John Larrysson Column: Shakespeare's New Words
文章日期:2013年11月27日

Shakespeare's England was very different from today. The English language had just become the language of power in England. For centuries the colonial kings of England spoke French. Suddenly, after a bit of fighting called the War of the Roses (1455 - 1485), new English-speaking kings & queens came to power. People started using English in courts of law, in government meetings, in literature and in science. Before Shakespeare's time English was the language of the poor and the king spoke French. That social divide had changed violently. Shakespeare wrote plays for both nobles and commoners who spoke the same language, English.

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The trouble Shakespeare had was that the English language of farmers was rich in names for things on farms, but not in words for art, law and literature. So he had to invent new phrases and words to explain his plays. He was the first person to describe a jealous person as a green-eyed monster. Many of the phrases he invented were passed into the new growing English language. Shakespeare invented words and borrowed words from other languages when he needed them. Centuries later when the Oxford English Dictionary was written, he became the most frequently quoted single author at about 33,300 quotations.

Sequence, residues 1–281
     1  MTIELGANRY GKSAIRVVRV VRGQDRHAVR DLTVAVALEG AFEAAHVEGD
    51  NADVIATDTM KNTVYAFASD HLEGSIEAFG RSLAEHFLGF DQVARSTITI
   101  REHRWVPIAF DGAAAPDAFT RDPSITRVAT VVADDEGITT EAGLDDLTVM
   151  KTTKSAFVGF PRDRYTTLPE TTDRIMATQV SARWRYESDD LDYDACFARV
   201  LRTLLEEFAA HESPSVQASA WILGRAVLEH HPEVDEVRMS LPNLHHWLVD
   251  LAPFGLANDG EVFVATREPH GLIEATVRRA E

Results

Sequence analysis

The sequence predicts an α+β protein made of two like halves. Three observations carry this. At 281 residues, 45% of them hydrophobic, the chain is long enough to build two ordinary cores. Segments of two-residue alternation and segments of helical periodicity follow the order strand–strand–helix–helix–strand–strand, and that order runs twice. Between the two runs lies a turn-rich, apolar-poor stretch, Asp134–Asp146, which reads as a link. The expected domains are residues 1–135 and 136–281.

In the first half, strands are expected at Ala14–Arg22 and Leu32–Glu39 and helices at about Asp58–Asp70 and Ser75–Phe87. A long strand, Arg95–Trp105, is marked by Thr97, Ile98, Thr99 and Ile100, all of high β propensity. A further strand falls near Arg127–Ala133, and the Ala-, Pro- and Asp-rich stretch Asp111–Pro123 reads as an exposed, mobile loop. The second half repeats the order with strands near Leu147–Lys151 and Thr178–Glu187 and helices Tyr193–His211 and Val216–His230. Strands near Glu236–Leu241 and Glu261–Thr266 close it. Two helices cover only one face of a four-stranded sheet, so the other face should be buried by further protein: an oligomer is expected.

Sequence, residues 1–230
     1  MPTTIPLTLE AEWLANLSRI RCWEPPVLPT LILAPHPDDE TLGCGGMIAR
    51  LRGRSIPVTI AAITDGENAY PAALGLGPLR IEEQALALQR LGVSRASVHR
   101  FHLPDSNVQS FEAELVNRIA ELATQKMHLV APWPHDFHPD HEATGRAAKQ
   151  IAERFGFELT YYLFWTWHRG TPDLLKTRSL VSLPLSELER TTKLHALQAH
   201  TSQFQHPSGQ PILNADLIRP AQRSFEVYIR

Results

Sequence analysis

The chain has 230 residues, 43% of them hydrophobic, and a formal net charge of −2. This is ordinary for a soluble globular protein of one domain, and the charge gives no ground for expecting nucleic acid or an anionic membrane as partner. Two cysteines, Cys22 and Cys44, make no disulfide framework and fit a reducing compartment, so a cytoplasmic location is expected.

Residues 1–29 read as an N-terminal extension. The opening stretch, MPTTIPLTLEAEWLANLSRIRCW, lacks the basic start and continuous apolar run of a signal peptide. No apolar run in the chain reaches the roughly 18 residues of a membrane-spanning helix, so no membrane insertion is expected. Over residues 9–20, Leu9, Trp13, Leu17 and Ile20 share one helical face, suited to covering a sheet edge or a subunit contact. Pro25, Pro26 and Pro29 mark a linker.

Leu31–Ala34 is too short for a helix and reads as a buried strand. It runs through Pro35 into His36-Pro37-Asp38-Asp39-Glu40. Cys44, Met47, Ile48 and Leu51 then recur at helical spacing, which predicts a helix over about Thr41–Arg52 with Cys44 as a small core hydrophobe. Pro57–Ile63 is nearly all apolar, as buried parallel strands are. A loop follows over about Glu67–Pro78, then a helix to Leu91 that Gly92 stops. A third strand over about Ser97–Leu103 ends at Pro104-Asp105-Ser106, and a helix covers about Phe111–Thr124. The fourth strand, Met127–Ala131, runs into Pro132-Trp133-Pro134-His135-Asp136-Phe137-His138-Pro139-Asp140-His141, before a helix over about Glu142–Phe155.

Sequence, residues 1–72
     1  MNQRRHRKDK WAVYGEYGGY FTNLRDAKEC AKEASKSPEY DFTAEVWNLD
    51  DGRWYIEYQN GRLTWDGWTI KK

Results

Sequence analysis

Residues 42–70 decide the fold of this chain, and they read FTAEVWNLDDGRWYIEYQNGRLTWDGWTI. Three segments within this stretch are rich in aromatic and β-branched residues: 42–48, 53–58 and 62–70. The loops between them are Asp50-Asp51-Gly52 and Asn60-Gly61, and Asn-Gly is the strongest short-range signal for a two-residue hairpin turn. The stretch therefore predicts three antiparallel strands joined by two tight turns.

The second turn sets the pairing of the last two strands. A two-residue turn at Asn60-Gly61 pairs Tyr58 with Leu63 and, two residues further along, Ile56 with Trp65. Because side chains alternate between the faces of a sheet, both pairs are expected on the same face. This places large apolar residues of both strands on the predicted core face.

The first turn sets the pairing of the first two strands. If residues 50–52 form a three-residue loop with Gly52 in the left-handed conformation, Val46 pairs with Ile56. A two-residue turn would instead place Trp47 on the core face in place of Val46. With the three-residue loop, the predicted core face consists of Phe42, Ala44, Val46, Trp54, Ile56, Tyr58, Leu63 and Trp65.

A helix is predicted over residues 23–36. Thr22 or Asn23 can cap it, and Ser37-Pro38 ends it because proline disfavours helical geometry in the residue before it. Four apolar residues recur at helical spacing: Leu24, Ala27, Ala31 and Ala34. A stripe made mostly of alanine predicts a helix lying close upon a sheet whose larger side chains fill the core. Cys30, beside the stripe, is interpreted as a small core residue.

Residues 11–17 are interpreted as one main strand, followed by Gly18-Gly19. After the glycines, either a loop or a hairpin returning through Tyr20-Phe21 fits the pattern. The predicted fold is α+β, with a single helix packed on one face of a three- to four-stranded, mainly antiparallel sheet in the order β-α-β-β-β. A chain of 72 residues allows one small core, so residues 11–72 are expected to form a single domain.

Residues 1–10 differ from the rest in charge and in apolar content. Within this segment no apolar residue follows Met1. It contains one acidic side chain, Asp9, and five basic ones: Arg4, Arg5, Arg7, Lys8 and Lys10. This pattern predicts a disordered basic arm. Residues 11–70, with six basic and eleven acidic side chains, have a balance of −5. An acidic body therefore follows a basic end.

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English did not have as many words in Shakespeare's time. In all of his plays and poems he only uses about 18,000 words. Of those words, 1,700 appear to have been created by him. Actually Shakespeare's plays were just the earliest written record for many words. If they were all new words his plays would have been difficult to understand! But he did create many of those words. The words he created were then used by other people and became part of our Modern English.

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In Shakespeare's time English had no grammar textbooks. Spelling varied greatly. Many words were only used in local dialects of English. Shakespeare created new words and phrases by using nouns as verbs and using verbs as adjectives. For example, to push someone with your elbow, became the verb to elbow someone. The noun worth got a suffix and gave us the adjective worthless. Shakespeare connected words never before used together. He used uncommon words from local English dialects and popularised them. By adding prefixes and suffixes he created new words whose meaning could be understood, but had not been used before. For example, undress and employer. (un + dress and employ + er)

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The words bed and room were common. However people used the word bedchamber to refer to the room for sleeping. In the play A Midsummer Night's Dream Shakespeare uses the word "bedroom" for the first time. However he did not mean a bedchamber, but rather room or space in someone's bed. The line is, "Then by your side no bedroom me deny" (Let me sleep beside you).

By using words in new ways Shakespeare helped turn the farmer's Middle English language into a modern language that could include beautiful poems and plays. Of course all the romance, fighting and dirty jokes in his plays did help popularise his new more expressive English language.

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by John Larrysson

JohnLarrysson@gmail.com

A native English speaker who has been teaching practical English in Hong Kong for more than a decade.